By Jared Council
Virginia Beach City Council members and city officials are headed to Powder Springs, Ga., Tuesday to check out a magnetic levitation passenger rail test site built by rail American Maglev Technology Inc.
AMT is one of three groups seeking to develop and operate passenger rail in Virginia Beach, but it's the only firm that seeks to use maglev technology. The others - Parsons Construction Group and a consortium led by The Philip A. Shucet Co. - intend to use traditional light rail.
"We're looking to get a first-hand understanding of where the technology is today, how viable the system is and get an understanding from the American Maglev team as to what their next steps are to get it to be a viable fixed-guideway transit system," said Brian Solis, a transportation manager with the city's Strategic Growth Area office.
Fifteen people will make the March 11 and 12 trip, though not everyone will be there both days. The list includes four city council members, eight city employees and three employees of Kimley-Horn & Associates, which is contracting with the city as engineering consultants.
Solis, City Manager James Spore, Deputy City Manager Dave Hansen and Strategic Growth Area Manager Barry Frankenfield will be among those making the commercial-flight trip. Officials said they expect the total tab, which includes Kimley-Horn expenses, to be under $6,000.
The trip will include various meetings, and AMT officials said guests will be able to ride on a full-scale maglev train that runs on an elevated half-mile track, which was built in 2006.
The trip comes after the Shucet group submitted an unsolicited proposal last April to extend light rail from Norfolk to Virginia Beach and Parsons and AMT responded with proposals in October. The next step is city council deciding which firm, if any, to go with, and which route and end point to have the track take, commonly called the "locally preferred alternative" decision.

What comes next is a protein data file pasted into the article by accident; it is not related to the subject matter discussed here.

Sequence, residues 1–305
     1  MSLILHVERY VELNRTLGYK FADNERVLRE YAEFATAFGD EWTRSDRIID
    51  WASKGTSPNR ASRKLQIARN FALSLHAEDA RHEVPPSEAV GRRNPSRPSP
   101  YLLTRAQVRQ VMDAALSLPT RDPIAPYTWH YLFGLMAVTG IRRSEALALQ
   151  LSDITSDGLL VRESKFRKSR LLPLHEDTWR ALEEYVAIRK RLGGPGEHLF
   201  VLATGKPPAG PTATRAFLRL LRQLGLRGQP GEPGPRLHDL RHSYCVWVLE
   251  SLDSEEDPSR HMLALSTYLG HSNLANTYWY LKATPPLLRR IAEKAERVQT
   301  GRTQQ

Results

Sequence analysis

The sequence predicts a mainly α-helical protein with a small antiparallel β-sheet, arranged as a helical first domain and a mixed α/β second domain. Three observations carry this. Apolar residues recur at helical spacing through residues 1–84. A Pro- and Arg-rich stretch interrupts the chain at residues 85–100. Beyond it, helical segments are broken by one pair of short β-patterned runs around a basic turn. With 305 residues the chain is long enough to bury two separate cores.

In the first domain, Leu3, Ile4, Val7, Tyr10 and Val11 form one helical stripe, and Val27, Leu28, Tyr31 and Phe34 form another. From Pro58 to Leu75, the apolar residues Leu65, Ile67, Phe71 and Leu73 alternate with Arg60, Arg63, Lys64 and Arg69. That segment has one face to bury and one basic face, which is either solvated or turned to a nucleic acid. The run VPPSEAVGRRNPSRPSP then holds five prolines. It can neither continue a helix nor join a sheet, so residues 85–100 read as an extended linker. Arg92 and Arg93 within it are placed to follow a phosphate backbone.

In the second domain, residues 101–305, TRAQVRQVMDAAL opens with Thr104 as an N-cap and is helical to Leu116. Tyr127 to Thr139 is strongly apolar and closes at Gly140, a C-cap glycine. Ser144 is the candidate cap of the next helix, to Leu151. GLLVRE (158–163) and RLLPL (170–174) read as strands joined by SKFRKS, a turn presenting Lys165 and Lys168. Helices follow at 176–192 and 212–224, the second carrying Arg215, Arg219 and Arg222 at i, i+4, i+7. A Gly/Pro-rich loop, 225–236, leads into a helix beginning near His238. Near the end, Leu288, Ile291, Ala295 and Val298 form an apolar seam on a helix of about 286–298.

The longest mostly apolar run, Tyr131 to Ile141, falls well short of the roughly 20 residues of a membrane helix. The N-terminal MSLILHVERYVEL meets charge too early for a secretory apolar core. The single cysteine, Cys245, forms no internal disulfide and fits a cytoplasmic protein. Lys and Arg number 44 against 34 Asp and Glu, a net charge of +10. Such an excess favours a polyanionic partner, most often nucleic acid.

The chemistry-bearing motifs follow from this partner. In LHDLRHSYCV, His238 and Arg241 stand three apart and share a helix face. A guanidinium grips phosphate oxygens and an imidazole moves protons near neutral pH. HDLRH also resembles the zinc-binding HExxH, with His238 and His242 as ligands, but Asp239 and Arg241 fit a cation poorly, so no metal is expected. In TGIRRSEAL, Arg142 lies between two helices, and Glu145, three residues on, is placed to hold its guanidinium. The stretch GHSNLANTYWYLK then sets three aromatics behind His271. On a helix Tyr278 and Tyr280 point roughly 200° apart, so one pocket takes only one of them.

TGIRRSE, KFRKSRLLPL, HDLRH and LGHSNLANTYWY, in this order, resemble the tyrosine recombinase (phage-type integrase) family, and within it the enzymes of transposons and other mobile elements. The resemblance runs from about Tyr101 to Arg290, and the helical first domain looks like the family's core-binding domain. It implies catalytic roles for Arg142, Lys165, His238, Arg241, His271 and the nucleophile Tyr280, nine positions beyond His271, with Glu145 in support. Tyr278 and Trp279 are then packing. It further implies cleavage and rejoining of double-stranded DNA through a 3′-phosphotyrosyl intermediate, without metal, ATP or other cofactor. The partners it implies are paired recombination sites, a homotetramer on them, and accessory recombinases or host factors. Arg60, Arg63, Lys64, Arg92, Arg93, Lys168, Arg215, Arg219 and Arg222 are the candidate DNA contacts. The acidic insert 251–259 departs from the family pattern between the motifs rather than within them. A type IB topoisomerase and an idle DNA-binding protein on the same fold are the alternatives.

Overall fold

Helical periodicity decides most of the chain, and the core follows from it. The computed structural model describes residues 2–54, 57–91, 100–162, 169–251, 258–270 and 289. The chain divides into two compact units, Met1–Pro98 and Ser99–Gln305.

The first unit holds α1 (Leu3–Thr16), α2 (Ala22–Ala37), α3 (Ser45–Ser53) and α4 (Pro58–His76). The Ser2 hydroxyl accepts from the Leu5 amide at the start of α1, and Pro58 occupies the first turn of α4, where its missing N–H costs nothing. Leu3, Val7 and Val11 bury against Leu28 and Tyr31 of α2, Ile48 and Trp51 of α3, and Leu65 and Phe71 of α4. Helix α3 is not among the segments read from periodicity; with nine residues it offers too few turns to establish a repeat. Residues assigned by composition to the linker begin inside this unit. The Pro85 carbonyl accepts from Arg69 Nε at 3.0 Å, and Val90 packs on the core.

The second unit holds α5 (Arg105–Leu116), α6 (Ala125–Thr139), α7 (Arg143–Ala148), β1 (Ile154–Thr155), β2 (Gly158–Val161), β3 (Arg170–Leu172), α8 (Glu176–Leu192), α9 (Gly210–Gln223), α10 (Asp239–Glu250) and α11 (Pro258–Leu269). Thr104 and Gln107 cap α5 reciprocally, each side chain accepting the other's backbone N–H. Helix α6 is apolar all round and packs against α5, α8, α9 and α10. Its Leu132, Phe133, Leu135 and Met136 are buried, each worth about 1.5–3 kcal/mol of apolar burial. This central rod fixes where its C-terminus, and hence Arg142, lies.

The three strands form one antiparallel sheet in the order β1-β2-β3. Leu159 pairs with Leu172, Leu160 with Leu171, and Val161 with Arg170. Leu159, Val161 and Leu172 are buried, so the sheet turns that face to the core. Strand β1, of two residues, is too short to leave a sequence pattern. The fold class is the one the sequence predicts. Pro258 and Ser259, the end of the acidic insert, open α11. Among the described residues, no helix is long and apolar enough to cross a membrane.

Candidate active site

Virginia Beach commissioned Hampton Roads Transit to study alternative light rail routes and costs. The results, released over the past several months, estimated that extending light rail to the Oceanfront would exceed $1 billion. Maglev technology was not considered, but AMT CEO Tony Morris estimated his firm could extend a line to the beach for about $334 million.
He said maglev uses about 60 percent less energy than a steel-rail system; will be elevated and therefore not require road crossings; and will be operated from a central control office instead of using drivers.
"All of those things make for a much lower operating cost," Morris said. "And because magnetic fields never need oil and grease - they never wear out - we don't have any gear boxes and motors and bearings that have to have lots and lots of maintenance."
AMT has not built any systems in the U.S., although it unsuccessfully attempted to build one for Old Dominion University student use in 2001. Morris said expected federal funding fell through and there were suspension issues.
"We went out and perfected the technology based on the lessons we learned at Old Dominion," he said. "If we did not have Old Dominion, we would still have to learn those lessons."
When asked about the ODU project, Solis declined to comment because Virginia Beach was not involved except to say: "It would have been preferred if that was up and running so that we could, obviously, visit a closer location."
Asked about maglev being less expensive than light rail, Solis said he can't yet confirm that. He said city officials are trying to determine if all of the costs considered in the HRT study have been considered in the maglev proposal.
"There may be costs that the Virginia Beach Transit Extension Study has that need to be in one, two or three of the proposals and are not, for whatever reason," Solis said.
Hansen said he and city staff members intend to make a passenger rail presentation to council sometime next month.
He said the purpose of the Georgia trip is to better understand the realm of possibility with respect to maglev.
"We have no commitments to this technology at this time," he said. "In fact, I would even go so far as to say that it is highly unlikely that this technology will be used for the initial extension of the Norfolk light rail line into Virginia Beach."
See related light rail story here